The FBI never searched Moussaoui’s laptop computer for evidence of a potential hijacking conspiracy. If Moussaoui had indeed been directly involved in September 11, it seems very likely that the evidence surrounding him would have led the government to do such a search.
Imagine, for instance, if it had been Mohammed Atta who had been cast under suspicion by his flight instructor instead. It seems impossible to believe that the government could not have gotten into Atta’s laptop based on evidence about Atta.
But Moussaoui was not Atta–and, as the September 11 Commission report explains, even when the FBI took information about Moussaoui to then-CIA head George Tenet, he was unimpressed.
The September 11 commission report concluded that Moussaoui had no direct involvement in September 11.
Why would Moussaoui lie? First, he is psychologically unbalanced–perhaps even schizophrenic. Second, if he perceives that a death sentence is inevitable anyway, he may want to taunt and anger the jurors and public as much as possible, by claiming far greater responsibility than, in fact, he had.
The Jury’s Next Decision: Death, or Life Without Parole?
After Moussaoui’s surprising testimony, will the jury sentence him to death? It seems certain they will.
These jurors are “death-qualified”: Each said he or she was willing to inflict the death penalty. (Though the Sixth Amendment guarantees an “impartial” jury, the Supreme Court has sanctioned “death qualification.”) Unsurprisingly, studies have shown that “death-qualified” jurors are far more likely to convict a defendant and vote to impose a death sentence.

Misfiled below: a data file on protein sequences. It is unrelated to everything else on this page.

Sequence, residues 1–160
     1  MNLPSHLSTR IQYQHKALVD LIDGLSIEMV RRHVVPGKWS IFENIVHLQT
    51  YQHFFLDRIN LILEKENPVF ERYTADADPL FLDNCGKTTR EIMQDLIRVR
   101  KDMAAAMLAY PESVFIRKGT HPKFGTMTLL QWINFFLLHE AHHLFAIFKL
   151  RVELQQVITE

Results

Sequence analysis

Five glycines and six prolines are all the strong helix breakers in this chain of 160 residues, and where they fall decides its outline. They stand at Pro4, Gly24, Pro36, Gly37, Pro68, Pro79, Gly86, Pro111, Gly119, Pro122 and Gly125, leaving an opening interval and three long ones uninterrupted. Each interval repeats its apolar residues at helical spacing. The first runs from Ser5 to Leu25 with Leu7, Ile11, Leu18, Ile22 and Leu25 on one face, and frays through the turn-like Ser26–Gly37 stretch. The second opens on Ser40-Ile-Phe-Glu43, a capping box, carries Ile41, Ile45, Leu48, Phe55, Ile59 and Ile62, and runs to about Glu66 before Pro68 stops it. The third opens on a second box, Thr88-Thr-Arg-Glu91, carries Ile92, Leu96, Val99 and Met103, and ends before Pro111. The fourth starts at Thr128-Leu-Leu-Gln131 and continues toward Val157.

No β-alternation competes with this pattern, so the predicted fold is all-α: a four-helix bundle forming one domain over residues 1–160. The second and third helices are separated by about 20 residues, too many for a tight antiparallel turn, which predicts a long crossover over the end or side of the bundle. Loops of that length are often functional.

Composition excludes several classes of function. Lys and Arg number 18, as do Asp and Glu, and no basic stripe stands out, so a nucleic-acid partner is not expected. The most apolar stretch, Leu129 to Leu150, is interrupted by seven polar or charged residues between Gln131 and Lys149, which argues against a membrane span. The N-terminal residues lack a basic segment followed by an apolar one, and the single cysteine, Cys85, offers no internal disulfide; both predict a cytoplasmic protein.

Meanwhile, the defense does not have much to offer in the way of mitigation. Moussaoui’s mother — who personally investigated her son’s descent into radical Islamism after he was arrested (her journey is the subject of a French documentary) — may or may not testify. The defense will offer evidence of Moussaoui’s questionable mental status, but the jury probably won’t be moved by it. The volatile, mentally unstable Moussaoui has offered no trace of remorse — yelling “Death to America,” and “Long live Osama” in the courtroom.
What will impress the jury, however, will be the heart-wrenching stories of loss from family members and the film footage capturing the horror of bodies falling from the sky and the World Trade Center towers collapsing under the impact of airplanes used as weapons of mass destruction.
Of course, this evidence is extremely moving to all of us. But to these particular jurors, it may cut even deeper: Some were quite close to the September 11 attacks — either by virtue of where they worked (near the Pentagon) or their connections to victims and rescue workers. The defense objected to several such jurors, but they made the final cut anyway. One may wonder, in light of their seating on the panel, whether Moussaoui got the “impartial jury” the Sixth Amendment promises.
Were Atta on trial, the presentation of the September 11 and victim statement evidence would be appropriate, at least if one agrees–as the Supreme Court does–with the constitutionality of presenting “victim impact” evidence in the first place.